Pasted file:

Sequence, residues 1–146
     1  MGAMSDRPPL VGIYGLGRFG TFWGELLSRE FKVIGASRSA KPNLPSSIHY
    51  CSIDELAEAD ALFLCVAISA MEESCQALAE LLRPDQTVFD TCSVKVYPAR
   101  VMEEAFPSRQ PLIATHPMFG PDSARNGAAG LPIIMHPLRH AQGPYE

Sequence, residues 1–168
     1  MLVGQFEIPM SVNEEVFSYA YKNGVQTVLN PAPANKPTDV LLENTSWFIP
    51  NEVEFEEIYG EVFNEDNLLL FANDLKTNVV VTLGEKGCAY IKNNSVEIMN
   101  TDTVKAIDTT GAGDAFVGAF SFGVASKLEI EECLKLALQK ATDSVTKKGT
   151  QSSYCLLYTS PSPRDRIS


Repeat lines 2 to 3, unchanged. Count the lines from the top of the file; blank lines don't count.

     1  MGAMSDRPPL VGIYGLGRFG TFWGELLSRE FKVIGASRSA KPNLPSSIHY
    51  CSIDELAEAD ALFLCVAISA MEESCQALAE LLRPDQTVFD TCSVKVYPAR